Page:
Archive for the ‘Fishing’ Category

All about Nightcrawler Worms

Sunday, April 25th, 2010

super_red_leftWhat many people do not know about Nightcrawler worms is that they can be as flexible worms as possible.  Known to be the best breed for fishing baits, Nightcrawlers have the guts to be called “fisherman’s best friend” because of their ability to lure fishes at the fastest time and at the most effortless way.

Nightcrawler worms or scientifically called as Lumbricus terrestris have two kinds called the Canadian and European Nightcrawlers.  Although both types are good for fishing, Canadian Nightcrawlers are bigger with a length of 14 inches.  These two are also preferred by those who are fond of fishing because aside from their length, they also have the ability to stay alive for up to minutes even when placed in the hook and submerged in the water.  This will give you more time to tempt the fishes until you finally trap them.  Commonly caught fishes through Nightcrawlers include small mouth bass, tout, carp, catfish, wall eye and large mouth bass.

Now if you are a worm raiser, Nightcawlers are also good because they are by nature hermaphrodite.  This means that they have both the male and female sex organs so even with just two worms on hand, you can already expect reproduction.  They are also not demanding when it comes to food and home.  Organic materials will be more than enough for them and a moist environment will make them even happier.  Should you want to catch them, do it at night especially after a rain because that’s the time when they usually come out.

At the end of the day, if you are tired of fishing, you can also use your Nightcrawler worms for vermicomposting.  Their ability to burrow and consume organic materials makes them suitable for the process thus giving you rich organic fertilizer.

Using Red Wiggler Worms as Bait

Saturday, April 10th, 2010

Red Wigglers worm seem to be so delicious for the fishes.  Though a bit smaller as compared to European Night Crawlers, Red Wiggler worms are as irresistible as the former because of its physical attributes.  You just have to learn the right technique and the right procedure in using Red Wiggler Worms as baits in order for you to catch your target fish.

Red Wiggler Worms as BaitThe most common mistake of those who go for fishing is the unequal size of their hook and their worm.  Fishes are also wise; they can easily detect whether someone is after them or not.  To deceive them, you have to make sure that your hook and your Red Wiggler worm is of the same size.  This will give the fish the notion that what’s in front is just a food.  This will further give you a better chance to get what you want because if you have a bigger worm and a smaller hook, what may happen is that the fish will only nibble on the worm until it eventually dies.  Remember that fishes do not like dead baits.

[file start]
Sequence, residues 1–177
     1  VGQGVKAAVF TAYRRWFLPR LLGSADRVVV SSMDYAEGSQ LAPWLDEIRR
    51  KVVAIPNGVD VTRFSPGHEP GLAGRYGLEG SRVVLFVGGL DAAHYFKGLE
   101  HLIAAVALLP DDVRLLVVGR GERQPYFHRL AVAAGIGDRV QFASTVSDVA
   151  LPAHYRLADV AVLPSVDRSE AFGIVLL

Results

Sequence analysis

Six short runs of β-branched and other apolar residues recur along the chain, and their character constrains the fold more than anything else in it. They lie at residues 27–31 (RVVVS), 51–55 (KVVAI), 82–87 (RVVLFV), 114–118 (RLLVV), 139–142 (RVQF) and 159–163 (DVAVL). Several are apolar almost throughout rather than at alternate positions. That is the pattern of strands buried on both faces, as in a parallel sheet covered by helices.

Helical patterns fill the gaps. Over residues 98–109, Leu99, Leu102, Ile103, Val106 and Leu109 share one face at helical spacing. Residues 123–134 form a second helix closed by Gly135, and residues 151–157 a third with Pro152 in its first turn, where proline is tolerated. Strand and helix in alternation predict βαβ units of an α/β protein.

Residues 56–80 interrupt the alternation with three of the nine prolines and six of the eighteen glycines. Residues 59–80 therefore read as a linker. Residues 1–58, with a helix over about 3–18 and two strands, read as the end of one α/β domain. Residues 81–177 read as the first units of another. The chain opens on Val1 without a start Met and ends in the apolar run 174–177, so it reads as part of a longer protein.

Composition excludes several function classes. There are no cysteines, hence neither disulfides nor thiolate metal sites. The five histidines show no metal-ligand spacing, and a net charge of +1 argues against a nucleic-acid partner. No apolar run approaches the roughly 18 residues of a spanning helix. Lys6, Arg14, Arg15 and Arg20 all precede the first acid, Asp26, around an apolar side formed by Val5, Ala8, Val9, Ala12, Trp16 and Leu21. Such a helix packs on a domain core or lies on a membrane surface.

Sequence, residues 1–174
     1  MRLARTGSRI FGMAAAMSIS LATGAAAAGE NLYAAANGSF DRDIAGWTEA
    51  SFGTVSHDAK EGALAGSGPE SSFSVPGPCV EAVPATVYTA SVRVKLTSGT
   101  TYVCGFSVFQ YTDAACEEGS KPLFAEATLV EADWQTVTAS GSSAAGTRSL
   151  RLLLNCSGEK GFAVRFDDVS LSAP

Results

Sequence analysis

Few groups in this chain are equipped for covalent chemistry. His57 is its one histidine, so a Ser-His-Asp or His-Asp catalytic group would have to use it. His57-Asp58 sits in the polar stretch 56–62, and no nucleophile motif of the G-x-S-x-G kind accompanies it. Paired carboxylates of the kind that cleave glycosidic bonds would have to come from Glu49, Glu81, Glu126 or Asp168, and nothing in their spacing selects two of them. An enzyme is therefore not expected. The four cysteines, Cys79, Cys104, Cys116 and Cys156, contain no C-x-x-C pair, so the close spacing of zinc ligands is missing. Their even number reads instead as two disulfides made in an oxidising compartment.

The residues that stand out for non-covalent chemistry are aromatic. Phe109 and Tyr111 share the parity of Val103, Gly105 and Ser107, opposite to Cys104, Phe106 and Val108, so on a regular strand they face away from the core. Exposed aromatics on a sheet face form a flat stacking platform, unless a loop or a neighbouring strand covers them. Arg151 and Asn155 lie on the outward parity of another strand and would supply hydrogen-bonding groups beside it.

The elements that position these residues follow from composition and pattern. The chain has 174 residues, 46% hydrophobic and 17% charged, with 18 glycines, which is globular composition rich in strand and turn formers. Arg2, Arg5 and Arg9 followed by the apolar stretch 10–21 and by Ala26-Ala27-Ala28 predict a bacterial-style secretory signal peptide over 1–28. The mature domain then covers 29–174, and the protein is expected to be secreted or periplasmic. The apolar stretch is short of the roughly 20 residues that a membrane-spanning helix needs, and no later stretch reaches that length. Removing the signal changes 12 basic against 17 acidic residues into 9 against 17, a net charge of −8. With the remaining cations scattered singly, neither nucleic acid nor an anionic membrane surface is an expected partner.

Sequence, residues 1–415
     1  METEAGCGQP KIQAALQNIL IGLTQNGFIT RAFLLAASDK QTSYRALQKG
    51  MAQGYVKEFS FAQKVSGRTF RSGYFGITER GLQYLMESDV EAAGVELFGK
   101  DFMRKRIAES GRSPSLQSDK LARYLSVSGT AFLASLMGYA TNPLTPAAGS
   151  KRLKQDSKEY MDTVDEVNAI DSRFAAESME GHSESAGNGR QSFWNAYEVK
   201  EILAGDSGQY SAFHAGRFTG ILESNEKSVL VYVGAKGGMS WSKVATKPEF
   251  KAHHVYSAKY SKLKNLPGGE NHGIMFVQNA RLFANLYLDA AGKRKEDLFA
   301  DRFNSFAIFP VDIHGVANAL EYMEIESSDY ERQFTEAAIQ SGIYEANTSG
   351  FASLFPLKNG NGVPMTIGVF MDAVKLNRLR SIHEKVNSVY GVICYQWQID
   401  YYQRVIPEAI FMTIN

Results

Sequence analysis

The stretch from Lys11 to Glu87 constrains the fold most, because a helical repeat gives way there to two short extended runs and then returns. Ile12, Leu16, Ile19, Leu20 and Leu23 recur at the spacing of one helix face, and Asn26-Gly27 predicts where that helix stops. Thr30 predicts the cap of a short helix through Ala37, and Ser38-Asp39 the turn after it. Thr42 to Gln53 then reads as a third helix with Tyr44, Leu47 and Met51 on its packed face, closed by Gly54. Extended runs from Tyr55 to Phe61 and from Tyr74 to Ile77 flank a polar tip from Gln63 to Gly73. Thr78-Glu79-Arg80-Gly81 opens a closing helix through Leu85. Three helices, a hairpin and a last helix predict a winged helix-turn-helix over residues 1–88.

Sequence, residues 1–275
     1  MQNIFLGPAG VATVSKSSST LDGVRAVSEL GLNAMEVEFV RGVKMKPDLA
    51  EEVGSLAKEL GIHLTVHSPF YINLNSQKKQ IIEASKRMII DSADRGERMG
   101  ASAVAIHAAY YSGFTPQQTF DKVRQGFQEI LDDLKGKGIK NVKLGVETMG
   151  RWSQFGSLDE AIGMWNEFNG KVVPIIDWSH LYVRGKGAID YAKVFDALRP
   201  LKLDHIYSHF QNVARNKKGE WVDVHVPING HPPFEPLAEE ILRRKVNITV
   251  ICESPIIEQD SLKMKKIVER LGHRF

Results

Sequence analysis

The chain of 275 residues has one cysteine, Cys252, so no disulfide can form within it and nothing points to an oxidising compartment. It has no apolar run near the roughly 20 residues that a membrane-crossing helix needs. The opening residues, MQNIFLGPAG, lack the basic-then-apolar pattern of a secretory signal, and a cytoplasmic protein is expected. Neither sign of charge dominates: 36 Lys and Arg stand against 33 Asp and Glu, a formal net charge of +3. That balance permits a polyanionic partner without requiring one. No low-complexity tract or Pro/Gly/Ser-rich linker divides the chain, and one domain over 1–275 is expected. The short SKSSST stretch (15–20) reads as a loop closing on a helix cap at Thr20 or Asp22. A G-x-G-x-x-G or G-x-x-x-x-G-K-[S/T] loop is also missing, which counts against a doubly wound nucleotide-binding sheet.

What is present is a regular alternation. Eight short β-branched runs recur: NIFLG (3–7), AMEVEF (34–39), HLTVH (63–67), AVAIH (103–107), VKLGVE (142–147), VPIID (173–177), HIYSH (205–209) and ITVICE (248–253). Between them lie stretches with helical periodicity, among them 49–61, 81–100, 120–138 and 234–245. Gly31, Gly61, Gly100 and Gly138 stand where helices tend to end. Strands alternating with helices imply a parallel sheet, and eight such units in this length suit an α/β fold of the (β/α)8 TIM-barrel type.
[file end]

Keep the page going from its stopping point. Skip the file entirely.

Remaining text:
When ready, slowly sink the hook in the water.  Do not worry about your bait because Red Wiggler worms do not easily die once they are already in the hook and submerged into water. When you feel that the fish is already there, do not immediately raise the hook.  Allow more time for the fish to play with your worm.  You don’t also have to worry about your worm sliding from the hook because the Red Worm’s skin will keep its body from falling.  And when you feel that it has already bitten the bait, go and do what you have to do.

There are times when the fish, even while you’re already pulling the rod up will try to run away from you.  Well, that’s normal.  Do the process again and again.  Fishes are also not good on handling temptations so the more you lure them with your baits, the more that you get the chance of catching them.

Raising Red Wiggler Worms for Fishing

Friday, March 26th, 2010

handful of composting worms

handful of composting worms

Red wiggler worms can be used for different purposes.  First, they can be used for gardening because their worm castings are perfect organic fertilizer for the plants.  The castings can also be made as compost tea which will be sprayed directly to your crops.  Raising this kind of composting worm can give you nothing but benefits.  If in case you don’t have a garden of your own and you are fond of fishing, good news because Red Wiggler worms are perfect as fishing baits.

When you want to have a good catch, we recommend that you raise your own Red Wiggler worms.  It’s easy so you won’t be burdened at all.  First, set up the worm bin.  You may want to buy commercial bin if you don’t have time to make your own but if you want it to be homemade, just use a plastic container that has a lid and is not transparent.  Drill some holes at the side and bottom for drainage and aeration.  You can use your old newspapers, magazines and cardboards for the bedding.  Cut those into strips and don’t forget to soak them into water but make sure that they are not too soggy.  Once the bin is set, you may carefully place the Red Wiggler worms inside.

Maintain the bin properly.  Food and temperature is very important so you have to be careful on those things.  Organic materials like kitchen scraps (free from oil), fruit peeling, grass cutting (those that were not sprayed with insecticides and pesticides only), tea bags, coffee grounds and more would be good for them but dairy products, meat, fish and fresh manure wouldn’t do them any good.  Temperature should also be at 50-80 degrees Fahrenheit and the bin should be located in an area that is not too hot or too cold.

In just few weeks, your red worms will multiply.  You can already have irresistible baits and the good thing about Red Wiggler worms is that they do not immediately die when placed in the hook.  This will give you time to lure your fishes.